Medical & Dental

3D bioprinting & biomaterials: interview with Jing Yang


I was fortunate enough to interview The University of Nottingham’s Asst Prof. Of Bioprinting and Biomaterials. Whilst on-site we had some fantastic discussions relating to the future applications and challenges in the Bioprinting/additive manufacturing arena.

What first inspired you to work with BioPrinters?

Before my current position I was a post-doc researcher and my research focused on studying the interactions between cells and manmade materials. I was looking at how material surface properties such as chemical or physical properties can affect the response of cells, particularly embryonic stem cells, I then heard about 3d printing. Then it was intriguing for me to try and use the 2d material properties research that I had done and apply it in a 3d context with BioPrinting.

How quickly do you think BioPrinting will be adopted in healthcare?

They are already a few cases whereby 3d printed ‘cell free’ medical devices and surgical planning tools, there were implants used in emergency cases (3d printed splint(porous tube) used in trachea surgery] as well as 3d printed metal implants. Some companies have approved 3d printed medical devices[OPM in Oxford]. However, this is not cell based BioPrinting this is 3d printing, BioPrinting is still in R+D phase globally.

Could you give us a bit of background into the other areas of BioPrinting/3d printing with medical applications that is currently being done at Nottingham university?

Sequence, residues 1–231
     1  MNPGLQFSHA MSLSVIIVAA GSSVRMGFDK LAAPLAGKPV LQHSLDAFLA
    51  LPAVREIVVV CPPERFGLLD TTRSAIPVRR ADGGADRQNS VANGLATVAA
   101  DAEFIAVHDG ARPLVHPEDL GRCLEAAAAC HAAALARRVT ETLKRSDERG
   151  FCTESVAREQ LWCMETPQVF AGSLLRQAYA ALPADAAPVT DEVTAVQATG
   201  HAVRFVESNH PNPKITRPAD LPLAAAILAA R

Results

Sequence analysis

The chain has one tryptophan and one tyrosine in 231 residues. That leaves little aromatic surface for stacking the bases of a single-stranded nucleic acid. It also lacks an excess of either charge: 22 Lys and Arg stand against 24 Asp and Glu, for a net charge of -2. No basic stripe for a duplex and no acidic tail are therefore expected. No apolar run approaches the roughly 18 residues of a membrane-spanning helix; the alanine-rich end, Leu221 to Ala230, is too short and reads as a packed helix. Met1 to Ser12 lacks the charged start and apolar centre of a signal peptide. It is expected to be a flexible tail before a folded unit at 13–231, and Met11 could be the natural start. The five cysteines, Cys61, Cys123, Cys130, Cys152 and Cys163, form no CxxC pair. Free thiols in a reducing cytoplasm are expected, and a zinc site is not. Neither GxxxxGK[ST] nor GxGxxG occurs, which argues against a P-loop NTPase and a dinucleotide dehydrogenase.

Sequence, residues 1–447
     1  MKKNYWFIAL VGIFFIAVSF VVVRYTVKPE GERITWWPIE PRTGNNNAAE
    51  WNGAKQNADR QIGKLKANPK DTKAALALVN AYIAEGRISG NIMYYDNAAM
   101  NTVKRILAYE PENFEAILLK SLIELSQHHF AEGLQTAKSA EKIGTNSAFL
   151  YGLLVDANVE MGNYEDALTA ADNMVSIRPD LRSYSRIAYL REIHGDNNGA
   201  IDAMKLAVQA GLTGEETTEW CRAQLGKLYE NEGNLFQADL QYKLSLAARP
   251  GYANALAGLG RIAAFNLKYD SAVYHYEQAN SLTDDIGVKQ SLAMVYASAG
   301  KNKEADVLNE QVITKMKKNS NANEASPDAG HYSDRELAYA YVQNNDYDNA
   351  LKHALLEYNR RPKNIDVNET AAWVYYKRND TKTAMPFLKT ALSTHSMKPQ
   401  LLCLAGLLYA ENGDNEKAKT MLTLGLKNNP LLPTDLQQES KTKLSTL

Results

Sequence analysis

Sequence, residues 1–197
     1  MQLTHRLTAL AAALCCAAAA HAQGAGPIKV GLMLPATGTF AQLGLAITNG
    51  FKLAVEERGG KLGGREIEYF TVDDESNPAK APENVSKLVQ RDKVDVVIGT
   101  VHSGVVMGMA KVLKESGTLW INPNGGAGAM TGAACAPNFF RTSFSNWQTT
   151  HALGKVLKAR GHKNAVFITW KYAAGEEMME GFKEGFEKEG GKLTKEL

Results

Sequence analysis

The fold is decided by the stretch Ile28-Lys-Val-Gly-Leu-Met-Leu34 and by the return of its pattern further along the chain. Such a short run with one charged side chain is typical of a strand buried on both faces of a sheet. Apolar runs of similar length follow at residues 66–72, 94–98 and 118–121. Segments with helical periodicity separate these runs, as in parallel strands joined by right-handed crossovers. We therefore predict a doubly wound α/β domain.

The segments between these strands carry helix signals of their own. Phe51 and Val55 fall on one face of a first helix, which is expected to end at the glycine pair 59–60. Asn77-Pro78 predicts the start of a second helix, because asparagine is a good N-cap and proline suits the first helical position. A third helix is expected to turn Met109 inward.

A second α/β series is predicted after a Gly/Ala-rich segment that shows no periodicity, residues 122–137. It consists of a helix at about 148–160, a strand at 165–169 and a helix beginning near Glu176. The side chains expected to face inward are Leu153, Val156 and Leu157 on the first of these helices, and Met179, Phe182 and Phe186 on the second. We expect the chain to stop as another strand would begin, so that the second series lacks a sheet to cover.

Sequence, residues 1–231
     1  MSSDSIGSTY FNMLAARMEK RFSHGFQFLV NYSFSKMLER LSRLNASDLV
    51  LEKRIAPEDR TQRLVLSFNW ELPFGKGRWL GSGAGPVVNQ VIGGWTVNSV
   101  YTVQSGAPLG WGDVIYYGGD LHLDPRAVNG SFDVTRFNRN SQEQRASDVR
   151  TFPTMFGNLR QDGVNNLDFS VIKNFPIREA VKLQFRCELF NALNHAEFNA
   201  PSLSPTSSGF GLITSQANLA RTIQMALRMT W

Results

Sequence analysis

My group based in School of Pharmacy, UoN, focuses on bioprinting which includes cells in the printing processes. The printer in my group is a multi-head extrusion-based printer. UoN also has an additive manufacturing group in which many other 3D printing technologies are available. For example, I am collaborating with researchers from the additive manufacturing group on a project in which we are try to build stem cell niches in the eyes using two photon polymerisation, a 3D printing technique that has nanometer resolution.

Which set of ‘scaffolds’ will be most widely used? Hydrogels? Electromagnetic Levitation? Acoustic Levitation? Kenzan Needle Array?

Hydrogels are most commonly used. This is because they mimic certain characteristics of the extracellular matrix of human tissues. Many hydrogels are biodegradable so gradually they will be replaced by the extracellular matrix secreted by the cells.

How do you think the open source DIY BioPrinting communities will develop? Do you feel there could be any significant scientific contributions made?

I think it might be difficult due to the  sophistication and complexity associated with bioprinting tissues. For example if we need a BioPrinters to print tissue replacement we may need multiple print heads to print multiple materials/cells. I’m not sure this can be achieved in the open source DIY market, sophisticated and bespoke BioPrinters would be required to fabricate human tissue replacements with complex hierarchical architectures.

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